With the close of Space City Con 2013, I can tell you several people attended solely to hear Jim Butcher give discussions on writing. Jim Butcher is especially interesting to hear talk on writing, because he disclaims any natural talent. He specifically says that his first six or eight books were unreadable garbage, suitable only to junk for parts, and says that if he could make you read them (which he says he can't because you'd quit) you'd believe him.
Jim Butcher says all his success derives from the application of writing craft. Which craft he spoke on for hours this weekend. He was generous with his time and energy even before signing what his fans asked for over an hour.
And he lectured for free with great patience. At one point, he was interrupted by a guest with no apparent question, but who wanted to berate him for failing to attribute to Heinlein a statement published at least as early as 1938 in the El Paso Herald-Post
that "There ain't no such thing as a free lunch." Butcher had repeated "There ain't no free lunch" several times in a blog entry encouraging would-be authors to work diligently
to realize their aspirations. The guest insisted that the phrase was first written by Robert Heinlein and seemed to demand that Butcher make some kind of public obeisance or apology. Unfortunately for the guest, Heinlein's book that most popularized the sentiment (The Moon is a Harsh Mistress) is dated decades after it appeared in El Paso newspapers. Heinlein's first story,"Life-Line" sold to Astounding Science Fiction in 1939 – a year after a known earlier publication of the expression she wanted attributed to Heinlein. The expression seems to have originated in a nineteenth-centiry practice to serve "free" food full of salt to saloon customers, to induce purchases. Scoffing at the "free lunch" was undoubtedly common by the nineteen-thirties. Butcher himself said he heard it growing up as a kid, in his family, without any particular attribution. After a while, when it was obvious the session had been hijacked by someone uninterested in actually learning what Jim Butcher had to say about writing (or anything else; the guest ignored his replies), he opined that the sentiment dated to Aristotle, found expression in the parable of the grasshopper and the ant, and wasn't in special need of author-specific attribution because "truth has no copyright." And still he wasn't given peace. Guests intervened to restore order. Nuts.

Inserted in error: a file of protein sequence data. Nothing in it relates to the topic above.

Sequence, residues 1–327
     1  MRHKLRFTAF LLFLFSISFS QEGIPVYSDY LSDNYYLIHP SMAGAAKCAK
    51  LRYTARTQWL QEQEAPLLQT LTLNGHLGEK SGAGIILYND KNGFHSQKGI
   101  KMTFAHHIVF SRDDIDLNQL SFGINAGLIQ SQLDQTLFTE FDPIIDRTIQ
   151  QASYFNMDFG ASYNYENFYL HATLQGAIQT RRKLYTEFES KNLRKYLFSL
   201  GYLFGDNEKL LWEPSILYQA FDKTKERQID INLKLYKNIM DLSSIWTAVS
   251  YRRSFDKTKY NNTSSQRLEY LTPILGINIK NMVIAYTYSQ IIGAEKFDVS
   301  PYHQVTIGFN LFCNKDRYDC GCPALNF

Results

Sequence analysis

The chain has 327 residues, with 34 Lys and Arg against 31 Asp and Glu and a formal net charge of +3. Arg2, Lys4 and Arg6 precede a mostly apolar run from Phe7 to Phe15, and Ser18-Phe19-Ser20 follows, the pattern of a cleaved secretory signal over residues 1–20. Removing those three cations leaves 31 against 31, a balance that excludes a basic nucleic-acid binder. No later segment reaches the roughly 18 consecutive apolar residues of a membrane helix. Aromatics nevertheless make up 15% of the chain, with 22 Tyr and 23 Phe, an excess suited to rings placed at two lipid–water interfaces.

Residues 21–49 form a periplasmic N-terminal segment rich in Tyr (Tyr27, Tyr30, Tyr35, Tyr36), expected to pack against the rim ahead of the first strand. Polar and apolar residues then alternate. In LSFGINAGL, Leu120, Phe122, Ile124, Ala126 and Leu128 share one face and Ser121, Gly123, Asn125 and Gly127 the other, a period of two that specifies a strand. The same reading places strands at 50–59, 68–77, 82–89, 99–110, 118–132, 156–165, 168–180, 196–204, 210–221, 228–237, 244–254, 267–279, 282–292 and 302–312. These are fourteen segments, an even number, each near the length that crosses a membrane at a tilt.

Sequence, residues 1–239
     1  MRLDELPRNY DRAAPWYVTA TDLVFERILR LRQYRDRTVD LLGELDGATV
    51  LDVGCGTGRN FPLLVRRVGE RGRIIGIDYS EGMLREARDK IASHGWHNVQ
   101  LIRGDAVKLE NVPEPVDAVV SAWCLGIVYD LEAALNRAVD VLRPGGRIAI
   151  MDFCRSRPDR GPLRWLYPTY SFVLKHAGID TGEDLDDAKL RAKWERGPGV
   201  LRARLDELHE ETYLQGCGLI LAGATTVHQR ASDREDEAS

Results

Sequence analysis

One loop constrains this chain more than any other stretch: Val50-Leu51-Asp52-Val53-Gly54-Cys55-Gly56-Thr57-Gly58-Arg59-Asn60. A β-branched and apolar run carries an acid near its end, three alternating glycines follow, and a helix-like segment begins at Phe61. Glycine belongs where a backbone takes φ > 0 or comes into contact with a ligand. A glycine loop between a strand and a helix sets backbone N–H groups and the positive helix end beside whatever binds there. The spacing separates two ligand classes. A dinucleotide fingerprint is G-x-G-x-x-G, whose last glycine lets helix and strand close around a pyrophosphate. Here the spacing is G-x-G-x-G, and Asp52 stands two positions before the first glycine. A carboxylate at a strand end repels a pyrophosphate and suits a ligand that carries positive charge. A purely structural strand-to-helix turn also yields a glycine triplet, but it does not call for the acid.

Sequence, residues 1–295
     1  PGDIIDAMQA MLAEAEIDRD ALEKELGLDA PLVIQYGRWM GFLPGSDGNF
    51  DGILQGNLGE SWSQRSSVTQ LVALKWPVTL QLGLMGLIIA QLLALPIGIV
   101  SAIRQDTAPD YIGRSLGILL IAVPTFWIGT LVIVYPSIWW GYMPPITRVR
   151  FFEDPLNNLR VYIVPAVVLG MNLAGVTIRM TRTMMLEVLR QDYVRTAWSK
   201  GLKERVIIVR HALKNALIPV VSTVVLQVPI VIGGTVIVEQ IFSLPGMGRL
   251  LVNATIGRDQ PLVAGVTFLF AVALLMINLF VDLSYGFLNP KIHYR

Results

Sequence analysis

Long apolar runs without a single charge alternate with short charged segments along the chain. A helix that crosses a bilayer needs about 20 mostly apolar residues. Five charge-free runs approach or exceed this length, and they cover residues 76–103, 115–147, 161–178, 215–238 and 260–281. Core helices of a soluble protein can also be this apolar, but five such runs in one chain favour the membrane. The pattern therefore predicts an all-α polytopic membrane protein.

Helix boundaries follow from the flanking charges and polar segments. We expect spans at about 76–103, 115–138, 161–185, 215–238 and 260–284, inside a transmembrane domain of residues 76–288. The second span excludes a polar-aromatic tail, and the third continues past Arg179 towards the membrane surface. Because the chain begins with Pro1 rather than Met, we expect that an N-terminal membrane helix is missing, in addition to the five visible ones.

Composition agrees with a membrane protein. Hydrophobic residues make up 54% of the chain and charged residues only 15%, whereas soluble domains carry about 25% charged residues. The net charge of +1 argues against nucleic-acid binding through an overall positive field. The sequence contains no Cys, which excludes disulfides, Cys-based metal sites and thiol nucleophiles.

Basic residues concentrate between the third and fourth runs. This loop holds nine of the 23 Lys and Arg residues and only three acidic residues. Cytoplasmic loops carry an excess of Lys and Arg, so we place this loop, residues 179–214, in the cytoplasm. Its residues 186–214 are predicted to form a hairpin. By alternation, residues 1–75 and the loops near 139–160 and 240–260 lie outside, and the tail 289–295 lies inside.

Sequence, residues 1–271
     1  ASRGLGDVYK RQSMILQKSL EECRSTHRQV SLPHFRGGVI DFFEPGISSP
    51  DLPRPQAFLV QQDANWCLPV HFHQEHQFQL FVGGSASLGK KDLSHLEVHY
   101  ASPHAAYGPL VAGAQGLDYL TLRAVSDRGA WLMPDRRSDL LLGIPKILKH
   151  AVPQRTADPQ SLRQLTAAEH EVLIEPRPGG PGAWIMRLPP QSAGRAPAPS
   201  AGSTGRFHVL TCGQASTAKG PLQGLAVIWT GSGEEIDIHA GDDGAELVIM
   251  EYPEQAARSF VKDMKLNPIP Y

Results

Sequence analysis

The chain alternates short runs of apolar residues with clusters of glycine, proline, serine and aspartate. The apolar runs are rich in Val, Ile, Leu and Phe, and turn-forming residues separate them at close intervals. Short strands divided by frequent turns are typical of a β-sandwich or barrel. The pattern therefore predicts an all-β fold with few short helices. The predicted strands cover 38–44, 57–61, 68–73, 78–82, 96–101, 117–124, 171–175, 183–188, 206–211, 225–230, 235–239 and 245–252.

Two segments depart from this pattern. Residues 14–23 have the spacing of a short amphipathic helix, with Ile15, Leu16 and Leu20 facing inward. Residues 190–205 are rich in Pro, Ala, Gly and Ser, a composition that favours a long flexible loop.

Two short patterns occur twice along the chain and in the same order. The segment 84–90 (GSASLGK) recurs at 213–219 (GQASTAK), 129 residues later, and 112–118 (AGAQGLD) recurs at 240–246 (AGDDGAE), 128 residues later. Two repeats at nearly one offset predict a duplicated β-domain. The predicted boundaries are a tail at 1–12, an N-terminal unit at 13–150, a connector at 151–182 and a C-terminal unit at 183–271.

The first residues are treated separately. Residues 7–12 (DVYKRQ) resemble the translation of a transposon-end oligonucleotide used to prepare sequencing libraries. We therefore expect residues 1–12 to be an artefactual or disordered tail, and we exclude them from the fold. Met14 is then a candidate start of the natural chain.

But the meat of the lecture harkened back to the Importance of Craft
. Specifics were as discussed on Jim's LiveJournal page
. Also, the business of writing: you want happy endings, to sell books. But even more critically, you need good craft to make people understand and feel your characters so they can have some connection to the work and CARE what happens in your story. Craft is about *how* to tell the story so this is effectively conveyed.
Of unexpected note: feedback. Jim reported that new authors tended to depend more heavily on feedback from other authors, who may be reading differently than one's intended audience. Writers can give good craft feedback, but Jim himself uses non-author beta-readers to get feedback from a range of people with different backgrounds, to make sure he knows how people are reading his work as he progresses in turning an outline into a story. And that's what Jim does: he turns his crafted outlines into stories – his craft-dependednt method requires organization and planning (whether it makes it to paper or not). Because craft is king.
Hmm. I definitely have some more organizing to do :-)
When the talk goes up on YouTube (it was filmed by the AFK Show from Austin), I'll link that, too.